The band split up in 1975, but the label retained Petty as a solo artist, and he recruited Campbell and Tench to join his new backing group the Heartbreakers. That band didn’t include Marsh, whose drumming didn’t impress the label president. But Petty became nostalgic about his first band while watching raw footage of Leadon’s interview for Peter Bogdanovich’s 2007 Petty documentary, Runnin’ Down a Dream. “I just realized how much we loved each other,” says Petty. “We taught each other so much and I thought, ‘Why don’t we just share that again?'”

He called Leadon out of the blue, and caught him in the car while he was driving home from the grocery store. “I hadn’t talked to Tom on the phone in about 30 years,” says Leadon. “I didn’t believe it was him for a while. I thought one of my friends was playing a joke on me, but he kept talking until I recognized his voice. Then I pulled over to hear him better and after a while my frozen food began melting.” Petty laughs at the memory. “I think I freaked him out,” he says. “It’s a weird call to make, right? But I wanted to try it. I figured if it didn’t work out, we just wouldn’t do it.”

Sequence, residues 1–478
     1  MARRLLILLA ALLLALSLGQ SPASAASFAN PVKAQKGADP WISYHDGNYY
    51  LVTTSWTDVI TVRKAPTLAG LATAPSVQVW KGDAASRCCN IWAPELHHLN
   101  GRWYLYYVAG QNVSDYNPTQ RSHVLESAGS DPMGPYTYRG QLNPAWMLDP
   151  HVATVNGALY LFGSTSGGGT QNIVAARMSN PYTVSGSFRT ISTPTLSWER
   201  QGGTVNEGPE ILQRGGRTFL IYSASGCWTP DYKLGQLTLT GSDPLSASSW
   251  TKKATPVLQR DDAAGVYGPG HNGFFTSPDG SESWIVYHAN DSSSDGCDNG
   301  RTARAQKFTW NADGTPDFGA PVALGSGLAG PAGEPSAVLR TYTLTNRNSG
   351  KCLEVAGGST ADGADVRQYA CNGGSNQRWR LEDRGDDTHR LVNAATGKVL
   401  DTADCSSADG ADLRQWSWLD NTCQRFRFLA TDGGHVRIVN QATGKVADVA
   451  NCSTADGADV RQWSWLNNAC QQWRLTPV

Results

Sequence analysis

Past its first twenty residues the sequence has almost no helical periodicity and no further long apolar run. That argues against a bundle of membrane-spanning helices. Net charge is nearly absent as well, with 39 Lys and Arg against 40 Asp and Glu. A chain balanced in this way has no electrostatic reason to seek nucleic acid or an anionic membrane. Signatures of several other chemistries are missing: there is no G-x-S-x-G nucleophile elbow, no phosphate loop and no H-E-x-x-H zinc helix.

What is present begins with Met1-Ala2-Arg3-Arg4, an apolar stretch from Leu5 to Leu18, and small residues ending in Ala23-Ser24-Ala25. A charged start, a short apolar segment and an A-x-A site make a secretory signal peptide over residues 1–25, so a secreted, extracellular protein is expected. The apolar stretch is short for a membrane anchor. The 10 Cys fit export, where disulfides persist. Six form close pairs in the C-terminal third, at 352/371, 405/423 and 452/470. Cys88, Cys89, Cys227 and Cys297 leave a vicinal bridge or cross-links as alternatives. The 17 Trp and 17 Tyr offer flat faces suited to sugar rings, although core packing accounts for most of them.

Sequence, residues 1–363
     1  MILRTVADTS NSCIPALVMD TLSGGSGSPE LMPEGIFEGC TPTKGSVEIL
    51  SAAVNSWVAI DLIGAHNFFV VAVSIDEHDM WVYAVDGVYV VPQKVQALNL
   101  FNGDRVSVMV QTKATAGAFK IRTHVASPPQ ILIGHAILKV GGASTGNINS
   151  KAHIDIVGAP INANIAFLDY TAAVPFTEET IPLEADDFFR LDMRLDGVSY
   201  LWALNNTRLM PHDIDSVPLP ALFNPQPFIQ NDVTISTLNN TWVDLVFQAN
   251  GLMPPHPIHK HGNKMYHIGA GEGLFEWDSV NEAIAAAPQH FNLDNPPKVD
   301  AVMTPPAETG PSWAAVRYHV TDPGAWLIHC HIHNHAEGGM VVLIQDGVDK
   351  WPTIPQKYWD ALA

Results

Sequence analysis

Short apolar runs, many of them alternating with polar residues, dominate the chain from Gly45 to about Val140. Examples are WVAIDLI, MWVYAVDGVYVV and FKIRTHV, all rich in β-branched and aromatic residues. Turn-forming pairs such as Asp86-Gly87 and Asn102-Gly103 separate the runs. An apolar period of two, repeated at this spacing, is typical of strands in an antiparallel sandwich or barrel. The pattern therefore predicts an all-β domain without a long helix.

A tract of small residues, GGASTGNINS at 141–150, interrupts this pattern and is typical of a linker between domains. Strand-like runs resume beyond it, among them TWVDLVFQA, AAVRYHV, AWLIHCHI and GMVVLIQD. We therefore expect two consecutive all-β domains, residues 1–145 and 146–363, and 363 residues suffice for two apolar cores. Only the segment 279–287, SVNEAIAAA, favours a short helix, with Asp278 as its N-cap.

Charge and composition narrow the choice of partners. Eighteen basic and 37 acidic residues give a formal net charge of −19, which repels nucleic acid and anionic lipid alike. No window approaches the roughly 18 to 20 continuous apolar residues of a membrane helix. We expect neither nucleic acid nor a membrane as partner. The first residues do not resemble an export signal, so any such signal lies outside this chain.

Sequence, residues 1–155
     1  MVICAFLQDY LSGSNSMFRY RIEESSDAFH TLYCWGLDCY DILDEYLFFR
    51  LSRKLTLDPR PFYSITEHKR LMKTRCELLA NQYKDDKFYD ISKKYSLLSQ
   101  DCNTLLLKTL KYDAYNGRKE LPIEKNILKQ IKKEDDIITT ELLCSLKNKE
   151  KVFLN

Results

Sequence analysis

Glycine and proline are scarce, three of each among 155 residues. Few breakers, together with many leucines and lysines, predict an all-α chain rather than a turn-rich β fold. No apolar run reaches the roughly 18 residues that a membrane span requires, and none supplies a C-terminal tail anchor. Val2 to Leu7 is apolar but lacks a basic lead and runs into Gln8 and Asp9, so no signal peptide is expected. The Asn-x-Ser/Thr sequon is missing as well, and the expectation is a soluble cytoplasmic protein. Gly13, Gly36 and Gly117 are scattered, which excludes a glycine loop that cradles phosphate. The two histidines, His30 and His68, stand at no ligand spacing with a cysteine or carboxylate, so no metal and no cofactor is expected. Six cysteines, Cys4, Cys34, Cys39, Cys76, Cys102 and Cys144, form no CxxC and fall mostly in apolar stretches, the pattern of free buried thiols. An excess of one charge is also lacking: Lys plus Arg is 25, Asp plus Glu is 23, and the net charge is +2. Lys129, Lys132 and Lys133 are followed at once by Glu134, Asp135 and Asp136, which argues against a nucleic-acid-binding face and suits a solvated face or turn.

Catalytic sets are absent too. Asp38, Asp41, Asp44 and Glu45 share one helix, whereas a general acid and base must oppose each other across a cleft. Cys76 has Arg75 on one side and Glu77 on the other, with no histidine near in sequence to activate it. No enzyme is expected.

It worked out far better than Petty even dared imagine. The band cut a record in a little over a week. “I don’t usually play my stuff, but I play that one,” he says. The album got rave reviews, and they supported it with a very brief California club tour. “As soon as we started playing with them again,” says Leadon, “it felt like we were home.” But the Heartbreakers had a big tour on the horizon and there was no time for more Mudcrutch shows.

Tom Petty and the Heartbreakers recorded two more albums (2010’s Mojo and 2014’s Hypnotic Eye) and like that, eight years had passed since the first Mudcrutch record. “I honestly didn’t realize it had been that long,” says Petty. “We just kept saying we were going to do it. We were just looking for a hole in the schedule.” Leadon began feeling like the group might never come back together, but when he went backstage at Bonnaroo in 2013 to visit with Petty, the singer reassured him a second Mudcrutch album was very much alive.